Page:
Watch out for Motorcycles, Scooters and Mopeds

According to the Motorcycle Safety Foundation:

There are over 4 million motorcycles registered in the United States. The popularity of this mode of transportation is attributed to the low initial cost of a motorcycle, its use as a pleasure vehicle and for some models, the good fuel efficiency. Motorcycle fatalities represent approximately five percent of all highway fatalities each year, yet motorcycles represent just two percent of all registered vehicles in the United States. One of the main reasons motorcyclists are killed in mishaps is because the motorcycle itself provides virtually no protection in a mishap. For example, approximately 80 percent of reported motorcycle mishaps result in injury or death; a comparable figure for automobiles is about 20 percent.

An automobile has more weight and bulk than a motorcycle. It has door beams and a roof to provide some measure of protection from impact or rollover. It has cushioning and airbags to soften impact and safety belts to hold passengers in their seats. It has windshield washers and wipers to assist visibility in the rain and snow. An automobile has more stability because it's on four wheels and because of its size, it is easier to see. A motorcycle suffers in comparison when considering vehicle characteristics that directly contribute to occupant safety. What a motorcycle sacrifices in weight, bulk, and other characteristics is somewhat offset by its agility, maneuverability, ability to stop quickly and ability to swerve quickly when necessary.
An article in the Barriere Star Journal dated 14 February 2011 states that, "In a collision, motorcyclists are seven times more likely to be killed than other road users. Young drivers tend to be involved in more motorcycle-related mishaps. However, there is an emerging trend that riders in their 40's and 50's are increasingly becoming the fatal victims of this type of mishap."

Following are some safety tips for both motorcycle riders and vehicle drivers:

Safety tips for riders:

Make yourself visible
  • Never assume other drivers see you
  • Wear bright and reflective protective gear
  • Make sure all your lights are working before every trip


Wear an approved helmet and protective gear


  • Choose a bright colored helmet that meets the recognized safety standards, such as DOT or Snell Memorial Foundation
  • Wear protective gear such as a motorcycle jacket, pants, gloves and boots. These provides better protection than street clothes


Improve your traction


  • Keep your tires properly inflated and in good working condition
  • Scan the road ahead for potential hazards
  • Avoid riding in the center of the lane where oil and other fluids can gather




  • Whenever possible, let the motorcycle operator see you. They may not see you, or they may misjudge your distance and speed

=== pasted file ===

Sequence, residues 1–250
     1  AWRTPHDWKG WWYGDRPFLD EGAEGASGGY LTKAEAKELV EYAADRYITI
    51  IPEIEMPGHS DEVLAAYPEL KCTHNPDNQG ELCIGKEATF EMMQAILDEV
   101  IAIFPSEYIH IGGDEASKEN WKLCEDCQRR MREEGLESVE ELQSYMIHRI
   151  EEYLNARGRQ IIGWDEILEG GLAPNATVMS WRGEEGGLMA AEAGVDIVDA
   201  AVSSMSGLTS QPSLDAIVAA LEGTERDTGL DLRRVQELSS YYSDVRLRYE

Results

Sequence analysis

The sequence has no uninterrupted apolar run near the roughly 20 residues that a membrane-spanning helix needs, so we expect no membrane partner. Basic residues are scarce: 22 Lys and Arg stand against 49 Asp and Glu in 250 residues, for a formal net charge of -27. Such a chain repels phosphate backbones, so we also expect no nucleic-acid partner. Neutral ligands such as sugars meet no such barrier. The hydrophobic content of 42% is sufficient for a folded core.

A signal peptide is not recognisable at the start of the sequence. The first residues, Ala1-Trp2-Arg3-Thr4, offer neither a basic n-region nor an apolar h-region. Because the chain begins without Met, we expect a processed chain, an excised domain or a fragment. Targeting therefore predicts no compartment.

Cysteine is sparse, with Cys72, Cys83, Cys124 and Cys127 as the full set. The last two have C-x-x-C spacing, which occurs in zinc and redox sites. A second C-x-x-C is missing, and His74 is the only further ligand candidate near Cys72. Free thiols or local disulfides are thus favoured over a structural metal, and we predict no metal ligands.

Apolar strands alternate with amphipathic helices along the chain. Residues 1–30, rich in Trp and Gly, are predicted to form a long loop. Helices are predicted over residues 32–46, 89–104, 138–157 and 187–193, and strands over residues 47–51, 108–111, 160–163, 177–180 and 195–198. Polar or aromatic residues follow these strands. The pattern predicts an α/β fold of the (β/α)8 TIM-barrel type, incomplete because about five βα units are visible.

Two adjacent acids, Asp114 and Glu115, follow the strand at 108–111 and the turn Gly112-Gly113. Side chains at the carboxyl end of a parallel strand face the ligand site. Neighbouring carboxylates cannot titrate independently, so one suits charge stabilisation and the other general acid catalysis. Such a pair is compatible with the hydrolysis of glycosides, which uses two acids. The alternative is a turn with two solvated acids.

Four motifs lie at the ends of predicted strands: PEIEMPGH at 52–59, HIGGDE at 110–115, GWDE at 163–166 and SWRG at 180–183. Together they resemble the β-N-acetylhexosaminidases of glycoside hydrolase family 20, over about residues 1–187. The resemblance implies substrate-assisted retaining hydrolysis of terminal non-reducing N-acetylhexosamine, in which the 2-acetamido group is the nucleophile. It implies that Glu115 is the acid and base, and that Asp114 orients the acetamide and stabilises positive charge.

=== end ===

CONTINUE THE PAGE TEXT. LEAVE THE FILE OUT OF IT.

• Watch for other vehicle's front wheel movements and signal lights
  • Stay out of other driver's blind spots


Intersection and signaling



  • One of the most common types of intersection mishaps occurs when oncoming vehicles turn left in front of motorcyclists. When you see oncoming traffic signaling to turn left, reduce your speed and adjust your lane position to avoid a potential collision.
  • Signal well in advance when you change lanes or turn. Check your mirrors and make sure you have plenty of space behind so the vehicle behind can slow down for you safely
  • Slow down on curves
  • Many motorcycle mishaps occur in curves and often involve the motorcyclist going off the road or across the center line. To avoid this, plan your trajectory prior to reaching the curve and adjust your lane position and speed. Always look where you want to go




  • If you are a new rider or have not been riding for a long time, get professional riding training to learn/refresh the skills of handling a motorcycle, emergency braking, collision avoidance, lane position, etc.

Safety tips for drivers:

Always watch out for motorcyclists



  • Scan the road carefully for motorcycles when you are about to enter an intersection
  • Watch for oncoming motorcycles that may be turning left
  • Watch the rider for clues as motorcycles signals are hard to see
  • Don't share a lane. Never drive beside a motorcycle in the same lane





  • Whenever possible, let the motorcyclist know that you have seen them
  • Read the vehicle language. Don't assume the motorcycle is turning left because it is in the left part of the lane

Following a motorcycle safely




  • Leave at least three seconds between you and the motorcycle in front of you, and longer when the weather/road conditions are less than ideal
  • Allow plenty of space when passing a motorcycle. Your vehicle may throw dirt or water in the rider's face and pose a serious hazard to the rider